Hatton Gallery in Newcastle upon Tyne opened its doors at the beginning of the month following a 20-month, £3.8million redevelopment. We speak to Julie Milne, Chief Curator of Galleries, Tyne & Wear Archives & Museums about the new building and celebrating Newcastle's place in Pop Art history.
Tell us about yourself.
I work as Chief Curator of Art Galleries at Tyne & Wear Archives & Museums, and I’m responsible for running the Laing Art Gallery in Newcastle, the Hatton Gallery at Newcastle University and the Shipley Art Gallery in Gateshead.
Tyne & Wear Archives & Museums (TWAM) is a joint museum service that runs nine museums and an archive service on behalf of the four local authorities on Tyneside and Newcastle University. The organisation is pretty unique, sharing expertise across a wide area. I have core responsibility for the leadership of the galleries including the designated collections, curatorial and learning programmes combined with managerial responsibility for the budget and staff including curatorial, learning, and front of house.
Working across the three galleries presents a special creative challenge sharing collections and specialist staff but also honing and enhancing the creative vision for each gallery, showcasing what is unique about each gallery in their specific settings, context and locale. It’s a wonderful job and I have a great team.
Hatton Gallery reopens with Pioneers of Pop. Pop Art is strongly associated with the US and London. What's the link with Newcastle?
Many people think Pop Art started in the USA with Andy Warhol – but in reality, a lot of the thinking and work behind it was happening in the UK, and not just in London but also Newcastle.
Pioneers of Pop revolves around the wide network of artists and writers, activities, projects and ideas which had at their centre artist Richard Hamilton, during his time teaching at Newcastle University from 1953 – 1966.
Five years before Warhol’s Campbell soup can and Marilyn Monroe diptych, Richard Hamilton said:
"Pop Art is: popular, transient, expendable, low-cost, mass-produced, young, witty, sexy, gimmicky, glamorous, and Big Business”.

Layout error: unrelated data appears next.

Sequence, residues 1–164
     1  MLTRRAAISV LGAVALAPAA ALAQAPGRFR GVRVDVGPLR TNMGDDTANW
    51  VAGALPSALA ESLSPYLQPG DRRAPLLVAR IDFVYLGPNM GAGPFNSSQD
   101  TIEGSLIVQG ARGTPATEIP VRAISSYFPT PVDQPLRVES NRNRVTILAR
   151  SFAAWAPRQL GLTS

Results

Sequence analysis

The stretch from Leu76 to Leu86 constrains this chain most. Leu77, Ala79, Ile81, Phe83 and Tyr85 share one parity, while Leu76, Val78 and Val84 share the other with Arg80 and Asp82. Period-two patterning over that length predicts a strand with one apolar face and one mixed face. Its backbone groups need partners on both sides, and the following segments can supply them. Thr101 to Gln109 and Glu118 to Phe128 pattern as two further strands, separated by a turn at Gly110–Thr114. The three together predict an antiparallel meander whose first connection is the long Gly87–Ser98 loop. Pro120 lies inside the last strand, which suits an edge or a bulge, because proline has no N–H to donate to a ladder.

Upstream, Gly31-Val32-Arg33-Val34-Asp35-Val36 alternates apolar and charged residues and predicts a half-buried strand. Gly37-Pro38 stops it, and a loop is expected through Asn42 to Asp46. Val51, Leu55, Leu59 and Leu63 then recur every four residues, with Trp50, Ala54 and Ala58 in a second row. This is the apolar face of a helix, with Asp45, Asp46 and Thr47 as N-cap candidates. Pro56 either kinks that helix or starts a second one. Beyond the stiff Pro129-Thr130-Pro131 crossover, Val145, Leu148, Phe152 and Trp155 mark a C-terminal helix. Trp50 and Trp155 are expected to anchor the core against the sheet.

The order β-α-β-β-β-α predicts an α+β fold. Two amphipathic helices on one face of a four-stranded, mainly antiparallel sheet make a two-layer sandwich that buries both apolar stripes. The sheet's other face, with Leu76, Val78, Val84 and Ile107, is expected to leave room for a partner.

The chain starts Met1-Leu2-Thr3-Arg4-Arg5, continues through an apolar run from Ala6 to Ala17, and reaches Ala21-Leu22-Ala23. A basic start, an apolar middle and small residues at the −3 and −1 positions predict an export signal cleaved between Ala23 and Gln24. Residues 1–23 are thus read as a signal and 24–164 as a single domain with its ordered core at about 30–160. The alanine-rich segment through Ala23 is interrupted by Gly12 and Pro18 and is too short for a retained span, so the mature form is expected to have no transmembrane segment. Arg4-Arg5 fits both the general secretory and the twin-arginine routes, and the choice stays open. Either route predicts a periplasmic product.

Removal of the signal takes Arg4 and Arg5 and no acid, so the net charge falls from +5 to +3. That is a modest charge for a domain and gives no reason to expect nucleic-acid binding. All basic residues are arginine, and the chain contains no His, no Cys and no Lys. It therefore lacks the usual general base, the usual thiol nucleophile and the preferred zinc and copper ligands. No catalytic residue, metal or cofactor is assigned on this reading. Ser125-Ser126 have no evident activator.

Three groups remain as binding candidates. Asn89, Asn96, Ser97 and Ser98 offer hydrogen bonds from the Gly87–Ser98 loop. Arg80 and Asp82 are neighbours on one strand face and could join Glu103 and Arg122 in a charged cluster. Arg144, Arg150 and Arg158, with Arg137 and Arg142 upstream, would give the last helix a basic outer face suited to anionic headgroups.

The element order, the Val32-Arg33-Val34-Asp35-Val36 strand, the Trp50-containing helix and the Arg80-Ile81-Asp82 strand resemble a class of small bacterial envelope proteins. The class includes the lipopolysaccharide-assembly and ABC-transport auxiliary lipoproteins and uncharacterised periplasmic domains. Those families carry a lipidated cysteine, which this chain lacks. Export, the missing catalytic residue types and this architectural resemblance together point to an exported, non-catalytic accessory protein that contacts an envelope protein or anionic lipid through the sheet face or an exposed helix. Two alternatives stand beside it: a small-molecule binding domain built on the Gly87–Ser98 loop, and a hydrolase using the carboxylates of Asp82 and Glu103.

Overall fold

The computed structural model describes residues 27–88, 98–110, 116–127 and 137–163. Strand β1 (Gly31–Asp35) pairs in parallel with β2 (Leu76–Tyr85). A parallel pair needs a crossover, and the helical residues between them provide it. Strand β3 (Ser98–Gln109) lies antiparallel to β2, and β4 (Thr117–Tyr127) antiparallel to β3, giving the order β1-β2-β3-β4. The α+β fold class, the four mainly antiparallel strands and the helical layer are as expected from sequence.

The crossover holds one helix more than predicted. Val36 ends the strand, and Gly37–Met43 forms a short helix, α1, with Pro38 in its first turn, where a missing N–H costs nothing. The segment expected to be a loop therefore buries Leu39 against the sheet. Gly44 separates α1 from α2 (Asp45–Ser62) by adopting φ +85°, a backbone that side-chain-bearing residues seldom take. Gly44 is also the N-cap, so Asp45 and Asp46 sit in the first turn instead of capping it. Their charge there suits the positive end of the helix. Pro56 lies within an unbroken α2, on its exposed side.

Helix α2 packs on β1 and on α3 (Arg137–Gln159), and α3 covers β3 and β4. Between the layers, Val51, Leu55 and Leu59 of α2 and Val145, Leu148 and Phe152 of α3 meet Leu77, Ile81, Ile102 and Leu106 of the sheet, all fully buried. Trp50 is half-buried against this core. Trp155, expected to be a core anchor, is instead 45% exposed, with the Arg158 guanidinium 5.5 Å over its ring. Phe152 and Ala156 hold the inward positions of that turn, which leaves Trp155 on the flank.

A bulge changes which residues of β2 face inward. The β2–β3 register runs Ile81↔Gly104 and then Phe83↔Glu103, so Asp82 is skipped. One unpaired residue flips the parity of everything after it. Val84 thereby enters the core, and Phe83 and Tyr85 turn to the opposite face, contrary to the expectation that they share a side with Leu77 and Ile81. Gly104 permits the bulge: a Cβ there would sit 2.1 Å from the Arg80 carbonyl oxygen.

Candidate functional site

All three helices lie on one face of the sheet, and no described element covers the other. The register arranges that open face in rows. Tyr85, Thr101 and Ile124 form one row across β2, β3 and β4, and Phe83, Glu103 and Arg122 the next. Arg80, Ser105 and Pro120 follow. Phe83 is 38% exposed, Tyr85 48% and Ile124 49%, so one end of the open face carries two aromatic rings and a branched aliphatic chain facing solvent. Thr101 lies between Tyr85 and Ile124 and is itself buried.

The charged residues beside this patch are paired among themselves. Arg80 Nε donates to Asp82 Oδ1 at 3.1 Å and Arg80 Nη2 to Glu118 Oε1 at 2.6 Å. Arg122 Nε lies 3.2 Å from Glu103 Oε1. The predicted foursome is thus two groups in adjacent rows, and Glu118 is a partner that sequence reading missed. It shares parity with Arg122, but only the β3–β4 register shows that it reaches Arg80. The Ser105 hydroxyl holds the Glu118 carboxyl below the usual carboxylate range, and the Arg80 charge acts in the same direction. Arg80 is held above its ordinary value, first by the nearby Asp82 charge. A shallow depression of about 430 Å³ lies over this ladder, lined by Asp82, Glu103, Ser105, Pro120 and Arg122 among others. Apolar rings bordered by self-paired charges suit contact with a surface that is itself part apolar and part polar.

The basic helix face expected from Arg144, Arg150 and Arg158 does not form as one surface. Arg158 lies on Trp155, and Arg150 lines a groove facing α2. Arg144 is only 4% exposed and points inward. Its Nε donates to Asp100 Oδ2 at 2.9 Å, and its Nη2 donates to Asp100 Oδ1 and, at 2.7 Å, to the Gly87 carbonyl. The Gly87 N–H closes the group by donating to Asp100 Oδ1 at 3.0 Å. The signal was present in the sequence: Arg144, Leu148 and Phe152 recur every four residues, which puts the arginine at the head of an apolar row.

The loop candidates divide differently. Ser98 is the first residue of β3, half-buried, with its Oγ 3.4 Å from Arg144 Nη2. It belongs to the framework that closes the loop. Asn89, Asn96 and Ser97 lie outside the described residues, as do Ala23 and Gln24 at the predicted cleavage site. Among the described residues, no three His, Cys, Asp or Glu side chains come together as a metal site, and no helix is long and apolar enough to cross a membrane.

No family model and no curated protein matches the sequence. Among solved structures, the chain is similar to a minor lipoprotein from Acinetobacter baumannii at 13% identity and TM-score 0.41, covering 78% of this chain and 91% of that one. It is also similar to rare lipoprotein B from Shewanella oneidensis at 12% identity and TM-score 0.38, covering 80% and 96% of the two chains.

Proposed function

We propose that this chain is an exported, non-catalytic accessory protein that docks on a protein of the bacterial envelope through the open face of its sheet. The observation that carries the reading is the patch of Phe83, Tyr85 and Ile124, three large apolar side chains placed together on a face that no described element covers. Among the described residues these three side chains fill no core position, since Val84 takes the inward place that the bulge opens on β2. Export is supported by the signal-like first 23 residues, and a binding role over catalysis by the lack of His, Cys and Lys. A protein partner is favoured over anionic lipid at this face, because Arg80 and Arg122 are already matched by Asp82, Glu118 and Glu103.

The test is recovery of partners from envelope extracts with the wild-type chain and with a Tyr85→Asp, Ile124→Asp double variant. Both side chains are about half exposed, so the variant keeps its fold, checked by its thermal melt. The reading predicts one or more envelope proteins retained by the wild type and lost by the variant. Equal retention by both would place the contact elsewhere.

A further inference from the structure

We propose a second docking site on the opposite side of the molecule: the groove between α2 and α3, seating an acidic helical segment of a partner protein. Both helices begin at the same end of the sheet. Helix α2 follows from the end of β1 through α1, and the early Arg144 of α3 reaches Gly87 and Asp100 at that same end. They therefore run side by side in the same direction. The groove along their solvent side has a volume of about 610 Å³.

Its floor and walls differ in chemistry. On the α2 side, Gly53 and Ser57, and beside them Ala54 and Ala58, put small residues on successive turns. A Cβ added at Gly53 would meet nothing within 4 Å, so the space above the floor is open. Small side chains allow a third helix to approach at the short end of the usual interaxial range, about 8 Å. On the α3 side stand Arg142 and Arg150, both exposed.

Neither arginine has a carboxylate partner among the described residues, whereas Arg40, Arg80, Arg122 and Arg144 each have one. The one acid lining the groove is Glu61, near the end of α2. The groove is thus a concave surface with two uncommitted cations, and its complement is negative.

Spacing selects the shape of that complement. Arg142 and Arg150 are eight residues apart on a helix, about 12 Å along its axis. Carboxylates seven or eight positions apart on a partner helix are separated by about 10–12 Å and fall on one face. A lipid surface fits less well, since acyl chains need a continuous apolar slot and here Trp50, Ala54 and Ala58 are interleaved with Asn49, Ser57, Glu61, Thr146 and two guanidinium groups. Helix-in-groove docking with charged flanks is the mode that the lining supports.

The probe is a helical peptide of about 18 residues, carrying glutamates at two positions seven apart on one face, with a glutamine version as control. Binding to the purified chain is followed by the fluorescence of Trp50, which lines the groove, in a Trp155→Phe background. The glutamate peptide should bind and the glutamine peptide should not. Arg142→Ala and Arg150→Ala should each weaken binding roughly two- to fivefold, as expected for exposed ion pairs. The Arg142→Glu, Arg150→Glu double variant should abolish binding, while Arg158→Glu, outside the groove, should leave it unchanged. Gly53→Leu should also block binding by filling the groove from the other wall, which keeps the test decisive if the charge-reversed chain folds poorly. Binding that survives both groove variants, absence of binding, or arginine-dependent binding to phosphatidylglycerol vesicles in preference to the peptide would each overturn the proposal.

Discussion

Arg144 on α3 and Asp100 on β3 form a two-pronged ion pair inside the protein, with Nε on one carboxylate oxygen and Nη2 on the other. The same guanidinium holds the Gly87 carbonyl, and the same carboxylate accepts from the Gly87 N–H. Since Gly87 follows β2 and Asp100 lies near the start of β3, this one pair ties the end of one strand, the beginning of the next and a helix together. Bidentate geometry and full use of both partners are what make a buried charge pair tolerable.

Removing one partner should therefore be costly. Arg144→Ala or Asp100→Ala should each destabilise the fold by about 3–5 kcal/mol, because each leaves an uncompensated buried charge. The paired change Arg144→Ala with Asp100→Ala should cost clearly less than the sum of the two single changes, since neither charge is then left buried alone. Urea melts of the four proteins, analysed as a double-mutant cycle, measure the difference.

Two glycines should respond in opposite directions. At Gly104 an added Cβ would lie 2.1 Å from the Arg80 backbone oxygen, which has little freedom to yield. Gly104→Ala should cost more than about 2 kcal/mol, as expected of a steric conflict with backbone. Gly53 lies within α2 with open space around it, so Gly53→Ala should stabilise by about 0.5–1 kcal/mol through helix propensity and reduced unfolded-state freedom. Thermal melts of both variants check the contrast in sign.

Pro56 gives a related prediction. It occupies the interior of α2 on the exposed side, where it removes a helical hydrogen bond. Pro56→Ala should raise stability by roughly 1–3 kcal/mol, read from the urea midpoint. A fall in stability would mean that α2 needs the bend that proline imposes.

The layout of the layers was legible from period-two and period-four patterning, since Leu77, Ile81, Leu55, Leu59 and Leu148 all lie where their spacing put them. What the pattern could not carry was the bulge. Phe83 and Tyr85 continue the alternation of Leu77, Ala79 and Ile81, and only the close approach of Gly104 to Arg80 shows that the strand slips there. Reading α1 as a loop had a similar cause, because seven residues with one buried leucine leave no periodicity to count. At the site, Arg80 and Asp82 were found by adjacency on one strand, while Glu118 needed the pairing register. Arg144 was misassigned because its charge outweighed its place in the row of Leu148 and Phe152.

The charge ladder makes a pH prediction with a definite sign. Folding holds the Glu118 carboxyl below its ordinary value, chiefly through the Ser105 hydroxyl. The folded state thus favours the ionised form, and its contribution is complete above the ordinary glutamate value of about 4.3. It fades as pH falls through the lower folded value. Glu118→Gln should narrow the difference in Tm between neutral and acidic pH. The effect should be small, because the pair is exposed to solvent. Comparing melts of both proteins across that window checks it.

Pioneers of Pop aims to capture the excitement, experimentation and opportunity of that time through the prism of Newcastle and its progressive, stimulating art school - where Hamilton and his colleagues sought to widen the basis of art’s visual language.
Which piece in the exhibition are you most excited to be exhibiting?
Our guest curators, Gill Hedley and Anne Massey, both of whom have close family ties to Newcastle, have selected a wonderful group of works, some of which have been rarely seen. We are delighted to present a print of the iconic Hamilton work Just what was it that made yesterday’s homes so different, so appealing (Upgrade, 2004) arguably the most famous image of British pop art. The work is presented alongside Hamilton’s 1990 remake of the collage, in which he emphasises the arrival of the digital age and explores the shifts in sexual identity, consumer culture and politics from 1950 – 1990.
Other highlights include works by Eduardo Paolozzi, David Hockney, Richard Smith, Ian Stephenson, R.B Kitaj and Joe Tilson.
What's changed at Hatton as part of the redevelopment?
The Hatton looks significantly different following our £3.8million redevelopment. The Hatton underwent major refurbishment works throughout out the redevelopment project, transforming it from a tired space to a bright, modern gallery with the addition of new learning spaces.
The galleries have been brought up to date with new walls, lighting and environmental controls (which allows us to secure major loans from national institutions – as we have in our opening exhibitions).
The building itself, which is a combination of Grade II listed Edwardian architecture and brutalist architecture has been conserved to a very high standard, with original architectural features restored.
The introduction of a new learning space allows us to engage more with school and community groups, and a new archive and study space allows visitors to access the Hatton’s archive and collection like never before.
For the last few months before the opening you toured Toby Paterson’s Hatton Pavilion across Newcastle and Gateshead. Have you learnt anything from doing this that you will bring into the gallery itself? Would you repeat the idea of a pavilion in the future for outreach work?
Our offsite commission for a touring pavilion was an opportunity to engage with the public during the closure of the Gallery. Toby Paterson’s response to the Hatton Gallery’s history and collection proved to be a real talking point for the pavilion staff and we were able to reach new audiences and share our enthusiasm for the Hatton.
Now that the Hatton Gallery is open, we plan to continue this contemporary commissioning programme each year within the gallery itself. In February 2018, we will present the Hatton’s next contemporary commission by Newcastle-based artist Kate Liston, who plans to present a work which responds to the unique architecture and history of the gallery.
Is there another exhibition on currently in the region that you would recommend?
Paul Nash at the Laing Art Gallery is an exceptional exhibition. Nash was a key figure in British Surrealism. His art forged an important new connection between surreal and mystical ideas and the English landscape.
Touring from Tate Britain, the exhibition received 4 and 5 star reviews from the Guardian, Londonist and Time Out London. Importantly, all funds raised from the sale of tickets for this exhibition go to directly support the work of the Laing Art Gallery, which allows us to inspire future generations of artists, curators and audiences.
Pioneers of Pop is on at Hatton Gallery until 20 January 2018. The Paul Nash exhibition can be see at Laing Gallery until 14 January 2018.